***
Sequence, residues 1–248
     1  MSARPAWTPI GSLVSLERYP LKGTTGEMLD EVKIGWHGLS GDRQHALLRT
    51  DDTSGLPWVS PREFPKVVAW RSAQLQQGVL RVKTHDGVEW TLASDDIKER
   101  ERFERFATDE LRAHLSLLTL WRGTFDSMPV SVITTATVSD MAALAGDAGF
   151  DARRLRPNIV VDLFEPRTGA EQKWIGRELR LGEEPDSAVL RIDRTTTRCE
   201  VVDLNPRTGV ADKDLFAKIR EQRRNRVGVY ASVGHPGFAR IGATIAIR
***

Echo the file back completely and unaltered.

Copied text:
Sequence, residues 1–248
     1  MSARPAWTPI GSLVSLERYP LKGTTGEMLD EVKIGWHGLS GDRQHALLRT
    51  DDTSGLPWVS PREFPKVVAW RSAQLQQGVL RVKTHDGVEW TLASDDIKER
   101  ERFERFATDE LRAHLSLLTL WRGTFDSMPV SVITTATVSD MAALAGDAGF
   151  DARRLRPNIV VDLFEPRTGA EQKWIGRELR LGEEPDSAVL RIDRTTTRCE
   201  VVDLNPRTGV ADKDLFAKIR EQRRNRVGVY ASVGHPGFAR IGATIAIR